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she can’t stay and solve a few more problems at the FDA in the years ahead.
—“The mood will be upbeat.” Prediction Grade: B. This prediction was on target, but it was essentially a statement of the obvious. Still, some people seem to think they can take the temperature of investor sentiment for the year ahead at this conference. This whole line of inquiry about “how’s the mood?” strikes me as odd. It shouldn’t be a surprise that people enjoy hanging out with friends, talking about their work, running up expense accounts, and sipping fancy drinks at fancy hotels late into the night. They enjoy the warmth and sun in one of the world’s greatest cities in the middle of winter. How do you think that would affect your mood? Other than one year from the Great Recession, the mood I’ve seen has always been upbeat, and always will be.
—“Biotech VC funds will fail to raise new funds in 2012.” Prediction Grade: A. The biotech venture capital world is living in crisis, and little happened in 2012 to reverse this trend. There were very few VC firms that raised new money to invest in startups, because very few have delivered returns to justify their risks. Kleiner Perkins Caufield & Byers raised a new $525 million healthcare fund in May, but that’s Kleiner—it can probably fall out of bed for five years straight and still raise more money. The fact remains that most venture capital firms have little gas in the tank, and desperately need a few IPOs or big-ticket acquisitions if they are ever going to refill.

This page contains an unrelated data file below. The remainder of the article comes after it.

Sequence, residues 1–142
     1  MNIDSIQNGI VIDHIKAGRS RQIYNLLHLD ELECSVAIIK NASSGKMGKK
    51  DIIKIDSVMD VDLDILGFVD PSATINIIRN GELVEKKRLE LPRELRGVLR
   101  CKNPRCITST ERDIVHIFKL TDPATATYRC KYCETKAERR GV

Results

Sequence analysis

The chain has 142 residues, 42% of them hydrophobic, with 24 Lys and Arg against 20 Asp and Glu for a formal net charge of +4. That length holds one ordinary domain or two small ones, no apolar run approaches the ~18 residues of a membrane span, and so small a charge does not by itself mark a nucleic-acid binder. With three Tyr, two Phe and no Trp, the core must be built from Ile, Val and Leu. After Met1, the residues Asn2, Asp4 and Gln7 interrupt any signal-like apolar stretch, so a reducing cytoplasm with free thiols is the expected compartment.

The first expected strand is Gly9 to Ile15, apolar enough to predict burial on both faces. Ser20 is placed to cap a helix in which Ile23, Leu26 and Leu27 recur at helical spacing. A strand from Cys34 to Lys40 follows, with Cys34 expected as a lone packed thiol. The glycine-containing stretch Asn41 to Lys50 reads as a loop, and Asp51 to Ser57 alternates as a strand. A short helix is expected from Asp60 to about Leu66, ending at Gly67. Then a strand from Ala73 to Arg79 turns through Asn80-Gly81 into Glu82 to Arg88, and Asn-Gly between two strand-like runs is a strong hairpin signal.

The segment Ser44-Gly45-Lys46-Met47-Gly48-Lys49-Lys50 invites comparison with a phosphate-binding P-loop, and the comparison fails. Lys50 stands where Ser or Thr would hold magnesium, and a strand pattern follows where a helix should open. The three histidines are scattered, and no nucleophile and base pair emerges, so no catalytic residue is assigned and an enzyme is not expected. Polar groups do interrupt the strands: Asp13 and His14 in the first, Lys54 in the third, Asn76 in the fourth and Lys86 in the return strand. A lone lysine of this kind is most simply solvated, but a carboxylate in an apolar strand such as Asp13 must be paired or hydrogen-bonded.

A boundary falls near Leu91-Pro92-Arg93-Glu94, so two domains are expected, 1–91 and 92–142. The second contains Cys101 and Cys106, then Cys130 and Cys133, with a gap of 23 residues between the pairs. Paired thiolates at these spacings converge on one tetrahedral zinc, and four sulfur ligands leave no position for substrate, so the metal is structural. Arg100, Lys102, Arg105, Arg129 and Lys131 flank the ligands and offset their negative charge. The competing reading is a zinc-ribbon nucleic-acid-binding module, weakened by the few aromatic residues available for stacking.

Meantime, entrepreneurs are going to have to be clever in finding money from foundations, government agencies, and Big Pharma partners if they want to develop new biotech products. We saw very few “big idea/big money” companies get started in 2012, even at an amazing time of opportunity in science. The lack of investment in new ideas is so severe, it’s enough to suffocate the careers of a generation of scientists and young businesspeople. Not to be too much of a party pooper, but that’s something all the bright and hard-working JP Morgan delegates ought to be thinking about and working in some way to solve in the year ahead.
One last note: I’m going to be on the ground this week at the conference with the usual days full of one-on-one interviews, and evenings full of receptions. In between, I will send out a few Tweets from various hotel elevators—always a good way to pass the time and test my cell phone service. For those of you relatively new to the social media world, and the JP Morgan conference hullabaloo, the Appeering website does a nice job of filtering the chatter into conversations that are easier to follow. I look forward to seeing lots of readers there in the City by the Bay.